Casey officially announces retirement
Former Red was fan favorite in Cincinnati, will be seen on MLB Network
CINCINNATI -- Sean Casey could probably cruise around Greater Cincinnati well into his later years and never pay for a meal again. After all, he was and will always be "The Mayor" to the Reds fans he forged a tight bond with.Even three years removed from being traded away, people in Cincinnati continually held out hope Casey would somehow return to play first base for the Reds again at Great American Ball Park. Casey, who spent eight years with the Reds from 1998-2005, officially put the kibosh on those hopes on Tuesday when he retired from the Major Leagues after 12 seasons at the young age of 34. He accepted a role to be an on-air talent for the new MLB Network. "Being part of that community was a big thing for me," Casey said of Cincinnati. "Being there for eight years, I almost felt like I lived there and also part of the community. I played there and it was just a great thing. I have so many great memories. "Just the way the fans treated me there, I really felt special in that city with the relationship I had with the fans." Among those on-field memories was his first Opening Day with the Reds in 1998 and appearing in three All-Star Games. The 1999 season was also a big positive, except for the disappointing finish. The Reds wound up tied with the Mets for the Wild Card spot and lost a one-game playoff at Cinergy Field. "It still kind of bugs me to this day that we had a two-game lead with three to play and we couldn't pull that off," said Casey, who was acquired from the Indians in a trade for pitcher Dave Burba on March 30, 1998. "It drives me crazy." At MLB Network, Casey will be working alongside former pitcher Al Leiter, who threw the two-hit shutout that did in the Reds on that frigid October night. Another former Reds star, Barry Larkin, also works for the network. Voted the "friendliest player in baseball" in a Sports Illustrated players poll in 2007 and a two-time Joe Nuxhall Good Guy Award winner by writers in Cincinnati, Casey had off-the-field endeavors that helped the community. He worked with Nuxhall's character education program and also with Lighthouse Youth Services. Casey was called "The Mayor" because of his outgoing personality. There was rarely an autograph he didn't sign or a conversation he didn't engage in. Inside the clubhouse, he was known for always being accessible to fellow players and media. "I was raised and my dad always said, 'Treat people how you want to be treated,'" Casey said. "That was the big thing for me throughout my life, not just baseball. It means a lot to me if I'm looked at as a good guy or nice guy in the game and I was also a pretty good player. It's a pretty combination that I'm proud of. I'm proud of the way I was with teammates as much as I was from what I did on the field." Between the lines, Casey walks away with some sound career numbers. He owns a lifetime .302 average with 130 home runs and 735 RBIs for the Indians, Reds, Pirates, Tigers and Red Sox. His final season was spent as a role player in Boston, where he batted .322 in 69 games. On Dec. 8, 2005, the Reds and former general manager Dan O'Brien made the unpopular decision to trade Casey and his $8.5 million salary to the Pirates for lefty starter Dave Williams. The backlash at the time was strong and only intensified after Williams was moved by Cincinnati in May of the 2006 season after not working out. Fans regularly e-mailed, blogged or took to local airwaves to lobby for a Casey return since the day of the trade. But the final memory both player and fans will have of him at Great American Ball Park will be in a Red Sox uniform when the Reds hosted Boston last June. "My time in Cincinnati -- I still feel like it's home," Casey said. "Eight years there, especially coming back this year with Boston and when I got that first at-bat and got the ovation. That was a moment for me. Getting traded and not being able to say goodbye to those fans was a weird time for me." Did Casey, who looked at some limited offers from around the league to still play during the offseason, want to come back to the Reds as much as the fans wanted him to? "Yeah, I would have loved to play in Cincinnati again, but not to back up or at the expense of Joey Votto not playing," Casey said. "At this stage, he's the better player." Casey ultimately cited the desire to be with his family, including his three children, as the reason for moving from the game into television. "Our ratings in Cincinnati will be a lot higher," joked Tony Petitti, president and CEO of MLB Network of Casey's hiring. A native of the Pittsburgh suburbs, Casey managed to become entrenched with Cincinnati in a way only a handful of players have. In retirement, he wanted to keep those roots growing. "I hope to get back in a relationship with the Reds and be with them in some capacity," Casey said. "I have nothing but fond memories of Cincinnati and that organization."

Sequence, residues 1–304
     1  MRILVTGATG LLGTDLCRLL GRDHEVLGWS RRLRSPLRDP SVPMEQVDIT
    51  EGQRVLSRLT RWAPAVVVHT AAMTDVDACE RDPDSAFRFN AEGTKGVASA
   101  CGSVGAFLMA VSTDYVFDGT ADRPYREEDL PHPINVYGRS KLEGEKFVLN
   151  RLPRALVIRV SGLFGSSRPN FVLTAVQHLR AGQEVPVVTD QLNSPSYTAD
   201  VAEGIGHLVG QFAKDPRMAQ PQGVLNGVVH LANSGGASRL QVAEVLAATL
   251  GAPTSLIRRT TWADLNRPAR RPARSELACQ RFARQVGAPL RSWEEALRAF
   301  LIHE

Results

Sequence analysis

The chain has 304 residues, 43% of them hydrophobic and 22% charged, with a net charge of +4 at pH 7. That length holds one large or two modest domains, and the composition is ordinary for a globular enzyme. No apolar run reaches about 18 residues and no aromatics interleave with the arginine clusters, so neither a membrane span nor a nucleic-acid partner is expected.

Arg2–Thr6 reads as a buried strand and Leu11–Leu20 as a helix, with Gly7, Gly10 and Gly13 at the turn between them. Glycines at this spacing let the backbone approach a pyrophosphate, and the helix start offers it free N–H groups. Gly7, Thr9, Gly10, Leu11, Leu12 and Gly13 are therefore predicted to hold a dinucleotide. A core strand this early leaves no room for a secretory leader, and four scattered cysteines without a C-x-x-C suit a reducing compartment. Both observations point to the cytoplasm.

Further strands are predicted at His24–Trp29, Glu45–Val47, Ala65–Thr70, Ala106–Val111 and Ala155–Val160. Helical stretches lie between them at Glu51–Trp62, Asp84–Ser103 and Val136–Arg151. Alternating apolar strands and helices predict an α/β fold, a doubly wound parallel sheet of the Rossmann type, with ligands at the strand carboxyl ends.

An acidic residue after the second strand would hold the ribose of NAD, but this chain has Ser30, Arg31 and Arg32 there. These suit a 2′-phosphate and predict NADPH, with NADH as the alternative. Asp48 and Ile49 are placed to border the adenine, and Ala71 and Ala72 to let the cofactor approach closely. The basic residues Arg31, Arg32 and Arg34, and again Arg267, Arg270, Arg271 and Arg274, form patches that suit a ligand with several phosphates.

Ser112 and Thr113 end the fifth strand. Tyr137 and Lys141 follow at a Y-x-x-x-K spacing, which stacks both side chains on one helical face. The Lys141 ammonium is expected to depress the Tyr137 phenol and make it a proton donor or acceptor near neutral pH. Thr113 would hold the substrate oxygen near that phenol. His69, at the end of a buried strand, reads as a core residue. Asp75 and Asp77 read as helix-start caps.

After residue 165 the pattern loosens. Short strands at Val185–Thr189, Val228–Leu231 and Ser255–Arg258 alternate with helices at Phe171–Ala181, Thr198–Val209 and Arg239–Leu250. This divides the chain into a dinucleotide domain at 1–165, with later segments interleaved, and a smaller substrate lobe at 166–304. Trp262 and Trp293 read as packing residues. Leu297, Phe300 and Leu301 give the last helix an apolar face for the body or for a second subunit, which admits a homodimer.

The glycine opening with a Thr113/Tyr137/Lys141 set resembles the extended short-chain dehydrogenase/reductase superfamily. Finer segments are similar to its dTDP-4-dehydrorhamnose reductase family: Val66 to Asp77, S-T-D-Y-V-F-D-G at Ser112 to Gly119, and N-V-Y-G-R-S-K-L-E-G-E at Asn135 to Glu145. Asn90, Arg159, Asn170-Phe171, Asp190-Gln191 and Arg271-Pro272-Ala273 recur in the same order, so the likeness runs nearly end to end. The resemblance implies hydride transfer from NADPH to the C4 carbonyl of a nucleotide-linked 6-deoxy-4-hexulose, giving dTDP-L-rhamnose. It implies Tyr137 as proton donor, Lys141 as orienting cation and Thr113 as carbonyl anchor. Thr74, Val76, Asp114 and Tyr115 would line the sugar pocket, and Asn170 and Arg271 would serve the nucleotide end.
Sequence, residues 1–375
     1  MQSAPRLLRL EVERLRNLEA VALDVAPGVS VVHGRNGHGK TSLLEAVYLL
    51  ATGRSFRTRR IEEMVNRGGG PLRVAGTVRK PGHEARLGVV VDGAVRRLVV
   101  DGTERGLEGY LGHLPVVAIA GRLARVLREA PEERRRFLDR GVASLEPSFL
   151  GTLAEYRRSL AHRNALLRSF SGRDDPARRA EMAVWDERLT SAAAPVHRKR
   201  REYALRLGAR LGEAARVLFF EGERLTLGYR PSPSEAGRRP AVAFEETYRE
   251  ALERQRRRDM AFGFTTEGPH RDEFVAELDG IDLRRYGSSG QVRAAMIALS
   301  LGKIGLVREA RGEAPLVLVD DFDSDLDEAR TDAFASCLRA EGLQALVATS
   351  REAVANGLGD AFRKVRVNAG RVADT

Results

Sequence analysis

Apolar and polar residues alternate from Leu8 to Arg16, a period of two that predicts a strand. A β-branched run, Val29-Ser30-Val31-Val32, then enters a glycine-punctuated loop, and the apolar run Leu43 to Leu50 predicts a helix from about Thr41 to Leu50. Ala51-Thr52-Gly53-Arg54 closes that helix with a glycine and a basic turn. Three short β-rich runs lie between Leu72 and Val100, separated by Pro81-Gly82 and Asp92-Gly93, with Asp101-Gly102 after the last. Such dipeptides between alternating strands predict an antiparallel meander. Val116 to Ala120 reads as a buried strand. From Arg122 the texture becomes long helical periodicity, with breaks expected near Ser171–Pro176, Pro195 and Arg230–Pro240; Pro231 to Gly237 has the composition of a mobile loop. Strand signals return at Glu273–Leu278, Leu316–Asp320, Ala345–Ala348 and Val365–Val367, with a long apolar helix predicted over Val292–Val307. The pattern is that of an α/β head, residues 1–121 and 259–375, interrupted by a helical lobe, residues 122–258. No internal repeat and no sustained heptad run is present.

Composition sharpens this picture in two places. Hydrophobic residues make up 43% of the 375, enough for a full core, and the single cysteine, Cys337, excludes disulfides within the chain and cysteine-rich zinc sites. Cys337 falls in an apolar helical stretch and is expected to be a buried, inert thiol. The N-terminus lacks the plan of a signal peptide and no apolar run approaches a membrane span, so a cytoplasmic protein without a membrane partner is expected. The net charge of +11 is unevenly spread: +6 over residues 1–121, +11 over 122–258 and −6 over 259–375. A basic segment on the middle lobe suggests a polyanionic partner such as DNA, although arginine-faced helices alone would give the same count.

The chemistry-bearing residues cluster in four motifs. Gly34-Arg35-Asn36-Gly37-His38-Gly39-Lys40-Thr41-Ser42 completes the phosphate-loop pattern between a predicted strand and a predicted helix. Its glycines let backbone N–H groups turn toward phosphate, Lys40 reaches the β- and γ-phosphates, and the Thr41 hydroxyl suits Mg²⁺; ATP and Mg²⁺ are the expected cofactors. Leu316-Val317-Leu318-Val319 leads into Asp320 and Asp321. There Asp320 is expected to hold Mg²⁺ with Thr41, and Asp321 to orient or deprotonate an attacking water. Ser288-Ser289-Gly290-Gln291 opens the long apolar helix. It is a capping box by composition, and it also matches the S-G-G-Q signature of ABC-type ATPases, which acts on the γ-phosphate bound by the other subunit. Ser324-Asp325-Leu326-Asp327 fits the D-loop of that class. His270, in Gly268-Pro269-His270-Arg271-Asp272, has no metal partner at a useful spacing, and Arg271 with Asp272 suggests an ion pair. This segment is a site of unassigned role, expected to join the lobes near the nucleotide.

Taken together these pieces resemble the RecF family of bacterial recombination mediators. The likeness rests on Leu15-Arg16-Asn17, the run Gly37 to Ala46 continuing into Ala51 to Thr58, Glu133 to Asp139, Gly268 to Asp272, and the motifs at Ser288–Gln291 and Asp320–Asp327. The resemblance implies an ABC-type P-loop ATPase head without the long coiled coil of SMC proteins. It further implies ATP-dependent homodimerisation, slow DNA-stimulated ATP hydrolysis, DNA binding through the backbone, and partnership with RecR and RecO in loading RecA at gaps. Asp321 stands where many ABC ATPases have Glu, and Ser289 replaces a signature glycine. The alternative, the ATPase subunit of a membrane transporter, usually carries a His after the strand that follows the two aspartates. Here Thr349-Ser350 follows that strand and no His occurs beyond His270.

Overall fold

Mark Sheldon is a reporter for MLB.com. This story was not subject to the approval of Major League Baseball or its clubs.